When a pointer contact is made on the touch surface 160, the touch screen 152 generates pointer position data output representing the location on the touch surface where the pointer contact is made. The pointer position data that is output by the touch screen 152 is conveyed to a computer 156. The computer 156 executes one or more application programs and provides computer-generated image output that is displayed on the touch surface 160 via a projector 158. The touch screen 152, computer 156 and projector 158 form a closed-loop so that pointer contacts with the touch surface 160 can be recorded as writing or drawing or used to control execution of application programs executed by the computer 156. The computer-generated image output by the computer 156 is also updated to reflect the pointer activity.

When the computer 156 receives pointer position data from the touch screen 152, the computer also receives pointer type data from the camera 170. The camera 170 processes captured images in the same manner described above to determine the type of pointer used to contact the touch surface 160 that resulted in the pointer position data being generated. In this manner, the computer can process the pointer position and pointer type data in the appropriate manner. If desired, the captured images can be conveyed to the computer 156 for processing to determine pointer type.

Although touch systems which make use of image data to determine the type of pointer used to contact the touch surface have been described above, automatic pointer differentiation in touch systems employing active pointers can also be achieved. For example, in one such touch system an electromagnetic digitizer is placed behind an analog resistive touch sensitive screen. When a finger is used to contact the touch sensitive screen, only the touch sensitive screen generates pointer position data. However, when an active pointer is used to contact the touch sensitive screen, both the touch sensitive screen and the electromagnetic digitizer generate pointer position data. This difference in pointer position data output is used by the computer to allow contacts made on the touch surface of the touch sensitive screen using an active pen and a finger to be automatically differentiated. The signature of the active pen can be selected to specify its color allowing the computer to determine the color of the active pen used to contact the touch surface.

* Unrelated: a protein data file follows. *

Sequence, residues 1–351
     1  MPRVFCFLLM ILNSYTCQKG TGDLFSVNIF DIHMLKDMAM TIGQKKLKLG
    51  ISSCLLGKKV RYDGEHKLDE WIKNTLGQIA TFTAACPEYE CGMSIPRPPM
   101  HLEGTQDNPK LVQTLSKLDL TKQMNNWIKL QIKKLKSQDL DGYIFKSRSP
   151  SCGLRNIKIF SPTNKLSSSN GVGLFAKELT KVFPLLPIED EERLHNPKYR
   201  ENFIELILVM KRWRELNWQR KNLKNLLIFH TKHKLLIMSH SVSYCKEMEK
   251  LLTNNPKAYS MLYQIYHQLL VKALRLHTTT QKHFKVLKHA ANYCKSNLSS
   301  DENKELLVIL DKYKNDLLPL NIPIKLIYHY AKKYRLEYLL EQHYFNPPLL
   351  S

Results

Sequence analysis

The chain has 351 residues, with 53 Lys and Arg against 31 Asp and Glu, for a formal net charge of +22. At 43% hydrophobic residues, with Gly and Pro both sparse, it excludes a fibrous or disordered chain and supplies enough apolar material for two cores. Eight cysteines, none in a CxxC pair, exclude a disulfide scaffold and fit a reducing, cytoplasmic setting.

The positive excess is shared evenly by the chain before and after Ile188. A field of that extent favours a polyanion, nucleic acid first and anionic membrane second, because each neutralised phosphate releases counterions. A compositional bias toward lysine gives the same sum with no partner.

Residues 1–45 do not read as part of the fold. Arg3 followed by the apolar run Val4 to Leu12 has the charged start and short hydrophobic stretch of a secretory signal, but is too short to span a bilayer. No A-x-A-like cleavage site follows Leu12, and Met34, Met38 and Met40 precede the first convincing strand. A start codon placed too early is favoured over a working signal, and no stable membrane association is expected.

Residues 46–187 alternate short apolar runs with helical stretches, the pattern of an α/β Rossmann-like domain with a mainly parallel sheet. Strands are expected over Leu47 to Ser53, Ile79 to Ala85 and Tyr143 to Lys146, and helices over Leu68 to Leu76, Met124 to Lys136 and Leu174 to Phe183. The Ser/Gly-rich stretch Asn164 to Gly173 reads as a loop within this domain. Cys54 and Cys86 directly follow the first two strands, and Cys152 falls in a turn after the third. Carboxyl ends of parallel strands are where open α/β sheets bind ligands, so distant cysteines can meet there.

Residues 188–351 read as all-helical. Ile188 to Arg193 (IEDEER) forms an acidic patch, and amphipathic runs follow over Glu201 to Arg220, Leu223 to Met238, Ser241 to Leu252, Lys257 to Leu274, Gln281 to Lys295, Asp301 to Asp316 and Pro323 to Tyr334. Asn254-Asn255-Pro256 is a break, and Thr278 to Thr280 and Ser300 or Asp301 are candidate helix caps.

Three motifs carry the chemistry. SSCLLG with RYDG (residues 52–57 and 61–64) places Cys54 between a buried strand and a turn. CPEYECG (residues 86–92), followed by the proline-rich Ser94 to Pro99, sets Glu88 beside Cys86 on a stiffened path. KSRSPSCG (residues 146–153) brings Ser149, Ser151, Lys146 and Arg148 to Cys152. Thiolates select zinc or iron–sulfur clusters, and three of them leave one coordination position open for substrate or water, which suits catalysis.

Alternatively, active radio frequency (RF) pens can be used with an analog resistive touch sensitive screen having a controller capable of recording the RFID tags broadcast by such pens when they are used to contact the touch surface. Since the controller of the touch sensitive screen receives pointer position data and an RFID tag when an RF pen is used to contact the touch surface but only receiving pointer position data when a finger is used to contact the touch surface, the computer is able to differentiate automatically between finger and RF pen contacts on the touch surface. The RFID tag can also be selected to specify the color of the RF pen. Active pens can also be used with a camera-based touch system.

As will be appreciated by those of skill in the art, the present invention is suitable for use in basically any environment where it is desired to distinguish between pointers used to contact a touch surface so that different functions can be invoked automatically without purposefully having to change the mode of operation. Such environments include for example, electronic whiteboards, touch liquid crystal display (LCD) panels, personal digital assistants (PDAs) and portable touch systems.

Although preferred embodiments of the present invention have been described, those of skill in the art will appreciate that variations and modifications may be made without departing from the spirit and scope thereof as defined by the appended claims.

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Classifications
U.S. Classification345/179, 345/180, 345/175, 178/18.03, 345/173, 178/18.01, 345/157, 178/18.11, 178/18.09, 345/158, 345/183, 345/181, 345/182
International ClassificationG08C21/00, G06F3/048, G09G5/08, G06F3/033, G06F3/041, G06K11/06, G06F3/037, G06F3/042
Cooperative ClassificationG06F3/0428, G06F3/0488, G06F3/03545
European ClassificationG06F3/0354N, G06F3/042P, G06F3/0488